Art and Critical Studies research group – Axis: Europe
CEAA | Centro de Estudos Arnaldo Araújo [Arnaldo Araújo Research Center] Escola Superior Artística do Porto, Portugal
“In fact, the question of the essence of Europe is not mysterious or unanswerable. (…) But let us not worry about sterile questions about the true borders and ethnic entities of Europe. There is no doubt that Europe has neither a substantial popular base nor strong borders to the east and the southeast, nor an unequivocal religious identity (…) The question should not be: who, according to what criteria and what traditions, belongs to a “true Europe”? (…) but: which scenes do Europeans play in their decisive historical moments? What are the ideas that animate them, the illusions that mobilize them? How has Europe achieved its driving history and by what means does it keep moving? Where does Europe’s power and unity run the risk of failing?” [Peter Sloterdijk | If Europe Awakes]
“Let this new Europe keep its luminous memory this way: philosophy, democracy, the Enlightenment, and even what is called, in a very dubious way, “secularization”. May it also keep its nocturnal memory, the memory of all the crimes it committed in history and which were committed in its name, all these forms of hegemony, of colonialism, and, in the course of this century, all the monstrosities of European totalitarianism: fascism, nazism, stalinism (…) But I still appeal to you, to a Europe that (…) proposes a “new international” and not a “cosmopolitanism”. [Jacques Derrida | Letter to Europe]
The notion of “Europe” has been questioned since the last decades of the twentieth century, especially in the territory of the so-called European Studies. Since World War II, Europe has lost its visionary project of a privileged race of the human kind, thanks to the consequences of its policy of self-destruction, already present in the first half of the last century, to the effects of decolonization and the loss of ethnocentrism. The convulsions at the level of world politics and geopolitics definitely change the course of history. What Europe is left after the great historical controversies that have crossed and continue to cross it? What critical framework is possible to outline today so as to understand the various interactions and disseminations that make Europe fundamentally a kind of financial and commercial brand? What place can there still exist in the world for a Europe that does not yield to the imperialist tradition? As Sloterdijk critically questions, is this commonplace that tries to formulate Europe as a “unity of differences” or “a set of contradictions” a empty one? What is the possibility of a heterotopic becoming for Europe? How to wake it from the dogmatic sleep as did Kant in respect to Reason? Since the modern age, in which European cartography has practically reduced the terrestrial globe and the representation of the world to Europe, until today, the old continent loses its enchantment, its mystical character, being increasingly challenged as a paradigm. If it is true that it will continue to be privileged, this fact can not prevent us from thinking about what we are as history, from establishing a dialogue with ourselves, a kind of personal archeology. Similarly, in the territory of art, Europe has been the subject of complex debates, in the domain of which some artists have been called in to participate, questioning both the political reorganization of post-Second World War, recent political decisions, or artistic mapping based in geopolitical strategies in a global context. If European art was regarded as the world’s art, its protectorate seems to have been emptied. Will those who Sloterdijk calls “the second-rate artists” be the ones who continue to overestimate heterogeneity and otherness, making efforts to maintain the myth of the European dream?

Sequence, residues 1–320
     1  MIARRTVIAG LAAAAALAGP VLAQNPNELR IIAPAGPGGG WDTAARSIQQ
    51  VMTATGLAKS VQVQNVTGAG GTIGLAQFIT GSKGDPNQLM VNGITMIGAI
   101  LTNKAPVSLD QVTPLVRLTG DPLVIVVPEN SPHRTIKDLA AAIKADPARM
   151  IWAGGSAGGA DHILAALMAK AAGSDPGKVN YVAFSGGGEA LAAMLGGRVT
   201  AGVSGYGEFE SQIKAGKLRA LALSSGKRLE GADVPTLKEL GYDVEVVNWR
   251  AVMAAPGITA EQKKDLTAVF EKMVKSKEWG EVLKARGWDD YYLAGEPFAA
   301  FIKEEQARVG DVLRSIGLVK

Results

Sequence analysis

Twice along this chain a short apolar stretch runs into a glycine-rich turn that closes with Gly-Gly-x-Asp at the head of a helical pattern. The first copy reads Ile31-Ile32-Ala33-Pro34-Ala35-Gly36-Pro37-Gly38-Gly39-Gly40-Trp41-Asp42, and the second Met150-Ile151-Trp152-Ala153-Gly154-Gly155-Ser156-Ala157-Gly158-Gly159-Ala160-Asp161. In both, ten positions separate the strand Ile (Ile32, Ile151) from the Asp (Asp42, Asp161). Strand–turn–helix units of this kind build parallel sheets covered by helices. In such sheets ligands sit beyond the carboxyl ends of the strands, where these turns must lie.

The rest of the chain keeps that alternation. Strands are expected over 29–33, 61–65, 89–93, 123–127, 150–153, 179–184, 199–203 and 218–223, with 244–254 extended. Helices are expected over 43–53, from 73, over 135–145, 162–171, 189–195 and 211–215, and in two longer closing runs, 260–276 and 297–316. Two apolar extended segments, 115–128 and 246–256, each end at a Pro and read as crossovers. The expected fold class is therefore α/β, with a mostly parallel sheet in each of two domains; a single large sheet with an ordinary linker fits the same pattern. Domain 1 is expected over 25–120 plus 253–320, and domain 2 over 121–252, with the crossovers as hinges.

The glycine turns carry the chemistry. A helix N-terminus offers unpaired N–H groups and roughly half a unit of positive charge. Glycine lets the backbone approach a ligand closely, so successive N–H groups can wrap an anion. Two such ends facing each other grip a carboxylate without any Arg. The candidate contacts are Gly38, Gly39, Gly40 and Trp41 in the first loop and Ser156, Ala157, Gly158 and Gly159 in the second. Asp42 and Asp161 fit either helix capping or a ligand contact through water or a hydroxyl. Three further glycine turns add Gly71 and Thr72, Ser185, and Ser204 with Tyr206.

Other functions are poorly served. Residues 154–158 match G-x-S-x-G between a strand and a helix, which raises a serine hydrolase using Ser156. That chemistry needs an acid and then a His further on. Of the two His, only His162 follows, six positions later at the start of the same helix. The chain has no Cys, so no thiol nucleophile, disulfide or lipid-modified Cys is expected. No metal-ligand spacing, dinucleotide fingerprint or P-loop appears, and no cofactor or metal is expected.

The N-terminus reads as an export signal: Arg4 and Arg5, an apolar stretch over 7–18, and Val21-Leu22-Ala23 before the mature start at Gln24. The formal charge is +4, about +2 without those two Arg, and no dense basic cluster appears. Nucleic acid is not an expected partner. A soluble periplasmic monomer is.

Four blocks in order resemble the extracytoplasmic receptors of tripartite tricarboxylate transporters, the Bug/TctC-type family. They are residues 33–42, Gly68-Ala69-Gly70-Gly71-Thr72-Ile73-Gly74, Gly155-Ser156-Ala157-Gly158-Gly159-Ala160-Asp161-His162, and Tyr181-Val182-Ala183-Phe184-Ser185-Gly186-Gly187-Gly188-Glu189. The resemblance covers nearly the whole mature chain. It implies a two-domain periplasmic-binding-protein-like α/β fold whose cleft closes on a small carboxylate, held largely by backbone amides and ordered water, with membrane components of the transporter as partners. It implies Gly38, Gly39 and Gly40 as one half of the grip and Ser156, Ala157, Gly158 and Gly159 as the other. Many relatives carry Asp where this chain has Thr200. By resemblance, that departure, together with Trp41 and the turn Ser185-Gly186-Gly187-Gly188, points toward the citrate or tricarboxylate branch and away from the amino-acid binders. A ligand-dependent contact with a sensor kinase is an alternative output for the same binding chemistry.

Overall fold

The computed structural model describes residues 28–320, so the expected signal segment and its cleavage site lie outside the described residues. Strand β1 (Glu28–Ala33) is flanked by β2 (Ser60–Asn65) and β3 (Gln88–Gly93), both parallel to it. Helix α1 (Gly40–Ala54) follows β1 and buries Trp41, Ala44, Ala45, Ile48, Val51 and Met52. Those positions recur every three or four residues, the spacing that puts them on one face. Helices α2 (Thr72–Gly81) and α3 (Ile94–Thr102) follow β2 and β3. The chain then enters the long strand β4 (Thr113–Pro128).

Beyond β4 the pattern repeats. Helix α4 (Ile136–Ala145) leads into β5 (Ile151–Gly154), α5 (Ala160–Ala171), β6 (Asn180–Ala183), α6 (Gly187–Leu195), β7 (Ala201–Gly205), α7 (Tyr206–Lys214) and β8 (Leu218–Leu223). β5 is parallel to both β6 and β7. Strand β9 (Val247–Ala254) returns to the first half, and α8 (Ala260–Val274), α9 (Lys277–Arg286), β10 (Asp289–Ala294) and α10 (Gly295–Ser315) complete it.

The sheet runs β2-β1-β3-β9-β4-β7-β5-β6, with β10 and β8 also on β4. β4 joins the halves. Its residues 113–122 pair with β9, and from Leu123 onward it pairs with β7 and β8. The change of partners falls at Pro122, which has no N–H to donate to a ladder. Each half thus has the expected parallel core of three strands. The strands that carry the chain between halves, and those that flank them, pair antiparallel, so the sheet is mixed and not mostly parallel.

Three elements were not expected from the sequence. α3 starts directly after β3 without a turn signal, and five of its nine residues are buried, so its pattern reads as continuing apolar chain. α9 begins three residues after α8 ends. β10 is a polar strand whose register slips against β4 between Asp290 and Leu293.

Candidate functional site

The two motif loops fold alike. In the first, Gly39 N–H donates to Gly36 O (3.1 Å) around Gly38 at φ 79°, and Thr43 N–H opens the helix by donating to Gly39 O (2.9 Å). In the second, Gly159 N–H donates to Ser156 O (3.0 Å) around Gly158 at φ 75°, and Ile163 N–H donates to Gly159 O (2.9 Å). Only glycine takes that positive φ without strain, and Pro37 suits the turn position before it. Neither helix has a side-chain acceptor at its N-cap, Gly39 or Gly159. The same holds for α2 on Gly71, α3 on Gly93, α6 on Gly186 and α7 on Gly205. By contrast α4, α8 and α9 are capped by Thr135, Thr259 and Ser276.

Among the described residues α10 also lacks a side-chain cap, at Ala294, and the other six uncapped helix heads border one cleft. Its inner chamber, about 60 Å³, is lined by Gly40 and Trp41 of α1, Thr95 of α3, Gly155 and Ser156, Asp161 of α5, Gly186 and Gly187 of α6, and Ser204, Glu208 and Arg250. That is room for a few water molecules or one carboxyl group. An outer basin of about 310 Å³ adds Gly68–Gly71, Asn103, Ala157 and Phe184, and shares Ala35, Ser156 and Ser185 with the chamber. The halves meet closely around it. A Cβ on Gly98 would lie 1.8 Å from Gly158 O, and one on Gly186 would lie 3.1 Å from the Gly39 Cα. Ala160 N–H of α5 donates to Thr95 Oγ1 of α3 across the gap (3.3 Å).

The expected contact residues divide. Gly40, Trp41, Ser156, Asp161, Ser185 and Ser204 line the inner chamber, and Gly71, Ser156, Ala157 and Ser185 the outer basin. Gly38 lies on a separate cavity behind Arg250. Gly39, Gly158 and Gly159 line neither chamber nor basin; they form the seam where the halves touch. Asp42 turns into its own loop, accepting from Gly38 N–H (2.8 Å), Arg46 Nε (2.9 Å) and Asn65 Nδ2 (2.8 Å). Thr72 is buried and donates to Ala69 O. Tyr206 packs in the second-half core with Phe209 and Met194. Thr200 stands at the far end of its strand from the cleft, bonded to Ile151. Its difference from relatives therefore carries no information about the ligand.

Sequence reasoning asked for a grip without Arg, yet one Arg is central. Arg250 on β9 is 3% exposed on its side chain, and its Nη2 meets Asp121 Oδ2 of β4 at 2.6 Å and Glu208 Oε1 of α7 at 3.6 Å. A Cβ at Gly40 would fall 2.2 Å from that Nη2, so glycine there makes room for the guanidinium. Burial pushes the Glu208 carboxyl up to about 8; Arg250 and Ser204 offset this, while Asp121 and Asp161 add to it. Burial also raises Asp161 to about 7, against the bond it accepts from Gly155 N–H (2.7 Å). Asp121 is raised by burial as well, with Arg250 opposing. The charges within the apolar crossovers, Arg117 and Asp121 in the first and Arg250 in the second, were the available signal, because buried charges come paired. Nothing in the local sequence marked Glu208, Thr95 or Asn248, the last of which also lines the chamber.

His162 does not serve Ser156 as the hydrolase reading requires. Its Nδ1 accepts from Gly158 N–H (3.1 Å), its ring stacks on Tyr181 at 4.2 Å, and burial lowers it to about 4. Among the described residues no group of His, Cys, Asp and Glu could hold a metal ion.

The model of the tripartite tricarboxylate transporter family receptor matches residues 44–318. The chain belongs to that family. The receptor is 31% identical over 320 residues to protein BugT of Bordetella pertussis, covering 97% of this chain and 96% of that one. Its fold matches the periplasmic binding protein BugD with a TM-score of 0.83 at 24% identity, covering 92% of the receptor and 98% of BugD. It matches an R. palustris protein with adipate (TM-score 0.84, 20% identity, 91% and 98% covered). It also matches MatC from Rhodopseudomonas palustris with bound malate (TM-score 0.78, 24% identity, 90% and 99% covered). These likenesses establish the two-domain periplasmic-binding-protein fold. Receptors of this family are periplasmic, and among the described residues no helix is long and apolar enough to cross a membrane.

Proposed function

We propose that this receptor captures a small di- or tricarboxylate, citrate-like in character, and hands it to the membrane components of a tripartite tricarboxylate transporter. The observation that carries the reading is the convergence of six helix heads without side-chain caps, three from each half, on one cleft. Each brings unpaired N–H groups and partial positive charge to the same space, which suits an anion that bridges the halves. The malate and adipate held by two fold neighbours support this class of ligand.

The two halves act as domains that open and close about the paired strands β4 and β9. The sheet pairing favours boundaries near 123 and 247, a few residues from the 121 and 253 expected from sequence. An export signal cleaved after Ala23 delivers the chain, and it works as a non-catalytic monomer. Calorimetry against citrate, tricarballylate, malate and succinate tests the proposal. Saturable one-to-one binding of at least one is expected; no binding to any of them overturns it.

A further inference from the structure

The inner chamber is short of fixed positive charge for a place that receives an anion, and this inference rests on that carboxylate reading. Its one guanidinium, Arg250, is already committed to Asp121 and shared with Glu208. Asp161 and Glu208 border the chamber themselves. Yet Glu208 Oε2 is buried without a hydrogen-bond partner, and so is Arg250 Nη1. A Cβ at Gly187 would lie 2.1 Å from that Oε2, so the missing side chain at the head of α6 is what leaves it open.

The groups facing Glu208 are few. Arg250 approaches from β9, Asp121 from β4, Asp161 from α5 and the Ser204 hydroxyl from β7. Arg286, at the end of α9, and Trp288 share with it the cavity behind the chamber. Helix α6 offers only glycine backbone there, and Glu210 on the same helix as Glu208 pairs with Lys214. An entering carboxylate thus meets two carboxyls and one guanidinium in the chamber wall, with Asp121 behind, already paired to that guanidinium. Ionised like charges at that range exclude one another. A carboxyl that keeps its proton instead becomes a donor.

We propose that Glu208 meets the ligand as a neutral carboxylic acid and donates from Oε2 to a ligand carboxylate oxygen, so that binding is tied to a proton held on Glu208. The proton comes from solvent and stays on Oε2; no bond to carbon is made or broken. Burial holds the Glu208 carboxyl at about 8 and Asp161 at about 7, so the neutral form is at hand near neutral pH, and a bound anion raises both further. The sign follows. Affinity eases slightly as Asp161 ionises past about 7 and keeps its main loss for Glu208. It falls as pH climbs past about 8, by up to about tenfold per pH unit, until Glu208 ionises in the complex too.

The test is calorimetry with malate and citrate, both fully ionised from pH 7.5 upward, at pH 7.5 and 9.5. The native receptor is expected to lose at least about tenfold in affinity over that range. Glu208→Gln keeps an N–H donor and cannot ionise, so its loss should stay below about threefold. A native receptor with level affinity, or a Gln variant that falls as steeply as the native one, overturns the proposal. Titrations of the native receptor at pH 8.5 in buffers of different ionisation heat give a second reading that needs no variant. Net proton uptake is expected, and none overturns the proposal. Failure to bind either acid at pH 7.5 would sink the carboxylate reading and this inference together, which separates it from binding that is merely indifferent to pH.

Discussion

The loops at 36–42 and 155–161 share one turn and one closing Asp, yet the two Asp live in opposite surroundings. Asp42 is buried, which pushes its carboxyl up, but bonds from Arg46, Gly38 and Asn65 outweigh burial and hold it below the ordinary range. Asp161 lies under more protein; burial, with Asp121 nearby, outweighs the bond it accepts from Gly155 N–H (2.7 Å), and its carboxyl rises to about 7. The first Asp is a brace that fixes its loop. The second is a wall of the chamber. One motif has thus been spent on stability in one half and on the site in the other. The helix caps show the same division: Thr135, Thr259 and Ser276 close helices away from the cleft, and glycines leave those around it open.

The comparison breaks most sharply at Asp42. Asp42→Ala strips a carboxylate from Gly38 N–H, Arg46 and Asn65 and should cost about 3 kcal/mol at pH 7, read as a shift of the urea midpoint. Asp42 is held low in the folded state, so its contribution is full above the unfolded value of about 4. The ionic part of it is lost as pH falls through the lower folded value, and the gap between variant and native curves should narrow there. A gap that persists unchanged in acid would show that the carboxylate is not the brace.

From this critical framework, we propose to open the debate on the multiple political, social and artistic representations of Europe that we had in the past, that we have now or that we want to have in the future and that configure some of the discussions.
We welcome proposals for 20-minutes presentations in English, which should include:
Title of the proposal Applicant’s identification (name, institution, country, position and email), Abstract (up to 300 words), Short curriculum vitae (up to 100 words)
Proposals must be sent in Word (.doc format) by email to email@example.com
Deadline for abstract submission – April 5, 2019
Notification of acceptance of abstract – April 30, 2019
Deadline for full paper submission – June 30, 2019
Papers review – July 31, 2019
Final full paper submission – September 30, 2019
Conference – October 29-31, 2019